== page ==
The wand or manually controlled mainfoil is set to +2.5 degrees AOI and the rudder foil is set to zero degrees both relative to something like the static waterline.
    -----
    David Luggs I14, that foiled in 1999, used a large rudder foil with a very small daggerboard foil(canard confiuration) and he was able to fly it manually controlling a flap on the rudder foil.
    But most foilers are "airplane configuration" with a small trailing rudder foil or foils and a larger main foil or two with the majority of the loading on the main foils.
     
  4. Skyak
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    Skyak Senior Member

    I see your point about load at takeoff, but the proportion on your model is the result of extreme beam. Maserati has a much smaller beam relative to mast height and I suspect their takeoff speed sq. is closer to max speed sq. than your model. This brings us back to my view that your problems are of you own creation due to excessive beam on MPX model -we don't need to rehash.

    Just to finish about Maserati -you haven't seen anything reporting how they control foils? electronics? Hydraulics? Sensing? And you haven't seen anything in the rules limiting foil control?

    And for clarity, when I (or most people) talk about control I refer to something monitored and varied continuously in normal operation. There are still other settings that are trimmed or altered -which is what I would expect for the forward foils of Maserati.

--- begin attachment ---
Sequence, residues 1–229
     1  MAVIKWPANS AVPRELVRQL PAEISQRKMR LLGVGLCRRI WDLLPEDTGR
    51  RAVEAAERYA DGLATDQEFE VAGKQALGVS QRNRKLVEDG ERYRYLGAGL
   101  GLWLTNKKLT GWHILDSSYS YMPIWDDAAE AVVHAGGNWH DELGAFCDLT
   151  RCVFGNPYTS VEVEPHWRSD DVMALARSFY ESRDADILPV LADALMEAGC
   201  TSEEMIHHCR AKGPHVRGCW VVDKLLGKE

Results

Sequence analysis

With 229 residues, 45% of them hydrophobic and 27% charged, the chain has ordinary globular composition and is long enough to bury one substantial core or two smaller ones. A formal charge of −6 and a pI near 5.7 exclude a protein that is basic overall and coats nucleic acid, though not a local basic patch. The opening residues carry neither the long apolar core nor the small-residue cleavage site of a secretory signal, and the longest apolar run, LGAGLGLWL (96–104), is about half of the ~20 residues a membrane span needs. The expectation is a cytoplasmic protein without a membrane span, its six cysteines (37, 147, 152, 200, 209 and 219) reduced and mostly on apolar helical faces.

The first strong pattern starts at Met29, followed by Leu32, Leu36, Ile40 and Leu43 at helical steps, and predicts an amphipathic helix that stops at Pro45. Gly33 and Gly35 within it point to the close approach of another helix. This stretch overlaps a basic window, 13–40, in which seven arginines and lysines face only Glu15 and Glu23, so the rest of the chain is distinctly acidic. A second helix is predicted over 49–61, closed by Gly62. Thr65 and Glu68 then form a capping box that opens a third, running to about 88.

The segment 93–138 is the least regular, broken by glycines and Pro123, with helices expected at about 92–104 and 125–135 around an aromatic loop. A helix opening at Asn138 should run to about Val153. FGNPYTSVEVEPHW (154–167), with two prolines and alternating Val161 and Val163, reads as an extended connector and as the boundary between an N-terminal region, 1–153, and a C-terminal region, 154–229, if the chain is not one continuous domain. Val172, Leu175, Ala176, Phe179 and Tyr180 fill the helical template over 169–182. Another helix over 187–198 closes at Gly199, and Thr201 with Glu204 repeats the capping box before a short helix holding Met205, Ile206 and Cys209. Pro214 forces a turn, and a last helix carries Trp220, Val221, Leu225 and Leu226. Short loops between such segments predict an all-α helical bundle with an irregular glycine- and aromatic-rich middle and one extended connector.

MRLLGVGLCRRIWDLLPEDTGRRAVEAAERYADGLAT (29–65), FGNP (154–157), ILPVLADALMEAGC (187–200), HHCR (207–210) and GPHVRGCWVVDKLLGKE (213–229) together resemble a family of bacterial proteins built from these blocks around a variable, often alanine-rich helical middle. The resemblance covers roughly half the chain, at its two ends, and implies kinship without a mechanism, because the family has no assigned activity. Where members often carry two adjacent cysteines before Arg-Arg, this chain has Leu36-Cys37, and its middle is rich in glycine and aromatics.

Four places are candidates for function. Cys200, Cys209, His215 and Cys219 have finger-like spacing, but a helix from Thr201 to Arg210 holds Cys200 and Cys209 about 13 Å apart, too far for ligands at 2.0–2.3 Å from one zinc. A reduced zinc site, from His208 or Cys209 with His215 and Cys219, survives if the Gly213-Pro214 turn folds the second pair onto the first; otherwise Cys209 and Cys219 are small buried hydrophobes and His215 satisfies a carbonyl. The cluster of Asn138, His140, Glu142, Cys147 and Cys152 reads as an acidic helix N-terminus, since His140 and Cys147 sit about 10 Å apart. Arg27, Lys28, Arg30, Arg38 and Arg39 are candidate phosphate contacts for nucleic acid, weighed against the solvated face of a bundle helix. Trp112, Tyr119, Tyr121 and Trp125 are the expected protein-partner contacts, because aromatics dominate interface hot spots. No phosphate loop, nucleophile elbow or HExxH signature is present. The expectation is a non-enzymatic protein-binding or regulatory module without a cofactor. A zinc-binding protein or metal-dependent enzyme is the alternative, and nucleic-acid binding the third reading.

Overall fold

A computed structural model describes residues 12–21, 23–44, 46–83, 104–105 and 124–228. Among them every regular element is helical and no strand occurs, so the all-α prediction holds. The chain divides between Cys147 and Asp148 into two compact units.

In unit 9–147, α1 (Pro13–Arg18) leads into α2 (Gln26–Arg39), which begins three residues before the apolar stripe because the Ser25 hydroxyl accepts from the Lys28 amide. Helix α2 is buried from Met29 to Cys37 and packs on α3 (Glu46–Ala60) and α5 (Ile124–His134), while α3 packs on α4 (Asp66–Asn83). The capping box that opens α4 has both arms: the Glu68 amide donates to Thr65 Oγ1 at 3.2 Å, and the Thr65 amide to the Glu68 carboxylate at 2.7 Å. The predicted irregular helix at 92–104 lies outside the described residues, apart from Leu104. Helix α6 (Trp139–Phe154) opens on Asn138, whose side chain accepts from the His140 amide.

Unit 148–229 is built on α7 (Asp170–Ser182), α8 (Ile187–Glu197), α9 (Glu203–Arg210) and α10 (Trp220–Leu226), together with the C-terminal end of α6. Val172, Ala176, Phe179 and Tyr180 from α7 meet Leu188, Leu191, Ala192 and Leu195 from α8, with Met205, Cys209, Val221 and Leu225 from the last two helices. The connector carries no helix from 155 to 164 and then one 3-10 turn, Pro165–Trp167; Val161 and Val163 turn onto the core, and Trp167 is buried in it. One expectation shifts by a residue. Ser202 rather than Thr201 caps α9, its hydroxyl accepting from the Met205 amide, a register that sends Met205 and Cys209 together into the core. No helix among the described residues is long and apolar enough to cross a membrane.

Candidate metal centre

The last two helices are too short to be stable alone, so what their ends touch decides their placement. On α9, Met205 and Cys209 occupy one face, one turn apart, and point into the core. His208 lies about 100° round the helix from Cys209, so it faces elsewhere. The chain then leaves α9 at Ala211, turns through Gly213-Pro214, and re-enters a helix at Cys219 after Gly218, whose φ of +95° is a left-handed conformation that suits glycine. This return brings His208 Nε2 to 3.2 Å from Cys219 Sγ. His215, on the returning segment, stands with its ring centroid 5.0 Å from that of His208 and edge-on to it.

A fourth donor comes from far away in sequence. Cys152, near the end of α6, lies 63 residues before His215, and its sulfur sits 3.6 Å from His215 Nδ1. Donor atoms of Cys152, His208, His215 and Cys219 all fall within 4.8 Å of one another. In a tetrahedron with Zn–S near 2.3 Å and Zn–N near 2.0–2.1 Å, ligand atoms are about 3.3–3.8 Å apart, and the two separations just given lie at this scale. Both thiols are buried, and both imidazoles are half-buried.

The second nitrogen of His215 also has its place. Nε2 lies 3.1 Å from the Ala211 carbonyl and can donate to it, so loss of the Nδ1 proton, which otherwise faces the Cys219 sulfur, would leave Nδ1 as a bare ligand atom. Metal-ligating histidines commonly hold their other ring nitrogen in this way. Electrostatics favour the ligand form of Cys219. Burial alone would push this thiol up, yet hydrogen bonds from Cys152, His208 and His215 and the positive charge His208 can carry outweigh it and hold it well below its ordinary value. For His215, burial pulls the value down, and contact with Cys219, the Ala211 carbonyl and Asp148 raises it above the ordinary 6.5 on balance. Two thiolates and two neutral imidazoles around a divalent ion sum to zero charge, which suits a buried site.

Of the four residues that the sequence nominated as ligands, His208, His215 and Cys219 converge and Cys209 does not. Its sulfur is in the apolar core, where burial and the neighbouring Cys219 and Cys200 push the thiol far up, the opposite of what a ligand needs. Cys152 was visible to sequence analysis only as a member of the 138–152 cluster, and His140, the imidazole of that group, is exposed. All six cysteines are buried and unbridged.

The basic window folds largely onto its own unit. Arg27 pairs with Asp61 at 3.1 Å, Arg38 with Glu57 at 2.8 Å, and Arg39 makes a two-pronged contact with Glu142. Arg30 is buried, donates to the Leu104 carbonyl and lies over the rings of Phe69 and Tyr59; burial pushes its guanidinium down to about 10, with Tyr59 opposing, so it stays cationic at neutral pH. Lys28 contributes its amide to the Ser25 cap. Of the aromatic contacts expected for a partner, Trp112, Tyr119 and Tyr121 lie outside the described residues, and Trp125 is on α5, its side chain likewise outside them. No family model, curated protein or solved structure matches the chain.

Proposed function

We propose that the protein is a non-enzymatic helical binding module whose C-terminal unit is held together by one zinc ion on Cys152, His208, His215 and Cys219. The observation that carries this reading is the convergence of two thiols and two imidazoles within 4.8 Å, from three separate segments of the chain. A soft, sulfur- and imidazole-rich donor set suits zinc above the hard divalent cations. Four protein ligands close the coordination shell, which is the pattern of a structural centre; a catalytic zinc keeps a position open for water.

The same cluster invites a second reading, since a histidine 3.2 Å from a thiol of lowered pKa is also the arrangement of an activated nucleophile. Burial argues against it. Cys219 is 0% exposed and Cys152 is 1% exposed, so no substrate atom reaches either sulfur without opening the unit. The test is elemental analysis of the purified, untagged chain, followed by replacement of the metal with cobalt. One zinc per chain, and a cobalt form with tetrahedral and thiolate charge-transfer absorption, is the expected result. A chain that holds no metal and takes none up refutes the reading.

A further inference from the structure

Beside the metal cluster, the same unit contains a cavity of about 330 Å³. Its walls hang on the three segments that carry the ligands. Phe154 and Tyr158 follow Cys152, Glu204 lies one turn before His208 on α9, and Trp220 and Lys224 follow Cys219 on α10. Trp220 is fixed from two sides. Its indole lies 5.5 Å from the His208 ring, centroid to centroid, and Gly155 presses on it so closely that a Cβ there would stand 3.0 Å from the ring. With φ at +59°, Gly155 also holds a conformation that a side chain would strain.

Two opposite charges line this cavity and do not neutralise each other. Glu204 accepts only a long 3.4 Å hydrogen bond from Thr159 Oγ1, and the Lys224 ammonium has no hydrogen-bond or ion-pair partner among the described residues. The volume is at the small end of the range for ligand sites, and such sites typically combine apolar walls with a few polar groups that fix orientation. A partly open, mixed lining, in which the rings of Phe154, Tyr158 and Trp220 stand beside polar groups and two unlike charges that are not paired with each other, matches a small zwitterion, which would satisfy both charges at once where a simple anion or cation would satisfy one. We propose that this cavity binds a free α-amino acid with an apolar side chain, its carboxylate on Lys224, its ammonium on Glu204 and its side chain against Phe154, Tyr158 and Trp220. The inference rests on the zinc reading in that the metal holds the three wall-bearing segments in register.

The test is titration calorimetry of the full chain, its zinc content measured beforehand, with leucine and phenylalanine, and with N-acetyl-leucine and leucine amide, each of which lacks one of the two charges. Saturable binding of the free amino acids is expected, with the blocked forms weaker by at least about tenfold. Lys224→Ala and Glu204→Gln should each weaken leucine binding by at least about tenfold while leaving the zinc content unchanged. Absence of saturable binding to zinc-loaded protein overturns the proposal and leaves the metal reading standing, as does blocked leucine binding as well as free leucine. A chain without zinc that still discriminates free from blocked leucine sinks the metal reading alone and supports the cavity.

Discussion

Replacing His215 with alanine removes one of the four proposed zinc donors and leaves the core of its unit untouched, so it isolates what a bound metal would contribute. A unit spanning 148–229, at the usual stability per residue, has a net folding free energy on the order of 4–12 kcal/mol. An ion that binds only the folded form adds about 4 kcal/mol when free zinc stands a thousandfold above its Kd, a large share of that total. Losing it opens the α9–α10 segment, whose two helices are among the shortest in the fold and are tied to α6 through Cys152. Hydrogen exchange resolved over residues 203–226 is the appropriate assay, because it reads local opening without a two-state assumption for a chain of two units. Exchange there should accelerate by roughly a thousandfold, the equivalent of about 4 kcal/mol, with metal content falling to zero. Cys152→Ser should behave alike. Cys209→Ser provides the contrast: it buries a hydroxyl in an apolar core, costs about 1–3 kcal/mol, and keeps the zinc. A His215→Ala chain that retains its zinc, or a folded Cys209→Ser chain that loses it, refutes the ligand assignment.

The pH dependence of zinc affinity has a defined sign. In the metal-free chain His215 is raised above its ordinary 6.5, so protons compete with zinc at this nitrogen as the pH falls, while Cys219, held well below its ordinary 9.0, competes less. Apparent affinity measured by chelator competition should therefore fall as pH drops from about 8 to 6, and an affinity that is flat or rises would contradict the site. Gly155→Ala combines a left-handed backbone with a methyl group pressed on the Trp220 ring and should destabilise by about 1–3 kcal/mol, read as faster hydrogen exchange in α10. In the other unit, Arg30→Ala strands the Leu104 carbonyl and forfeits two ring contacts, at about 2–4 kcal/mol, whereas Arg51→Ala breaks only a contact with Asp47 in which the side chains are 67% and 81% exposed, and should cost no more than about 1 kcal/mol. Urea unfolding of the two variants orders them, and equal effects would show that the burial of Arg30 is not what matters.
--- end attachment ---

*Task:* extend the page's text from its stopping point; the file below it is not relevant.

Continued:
5. Doug Lord
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    Doug Lord Flight Ready

    ===========
    The oversquare beam of the Fire Arrow is less than the multiple of length of Hydroptere's beam.The Fire Arrow beam is no where near "excessive"-- it allows one of the most powerful trimaran platform's for its length. But it would be excessive without the daggerboard foil+ rudder T-foil working in concert to facilitate light air takeoff and enhanced pitch control compared to any trimaran not using the Fire Arrow Foil System.
    For the record, Maserati's RM is 27 times its displacement*, whereas the Fire Arrow RM is 3.28 times displacement. So their main foil has to be large-in fact they say it is the largest foil on the boat.
    * based on their published figure which they say is "light displacement".
    --
    I've written to Team Maserati and am keeping my eyes open for any stories on their system. The quote below from post 11 of this forum seems to show that they adjust the incidence of the main foil:



     
  6. Skyak
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    Skyak Senior Member

    Nothing above changes my mind. "excessive" is an opinion. Maybe a nicer equivalent is 'your design would be cheaper easier and better behaved if it was narrower'. If I want to discuss it further I will post calculations on your FA MPX thread.

    Thanks for the Maserati info but it doesn't solve our argument -I still think they just use it to trim the boat to conditions. Odd wording -I presume it was a translation. I hope you will share here if Maserati gets back to you.
     
  7. Doug Lord
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    Doug Lord Flight Ready

    ----------------------------
    Amazing!
     
  8. Doug Lord
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    Doug Lord Flight Ready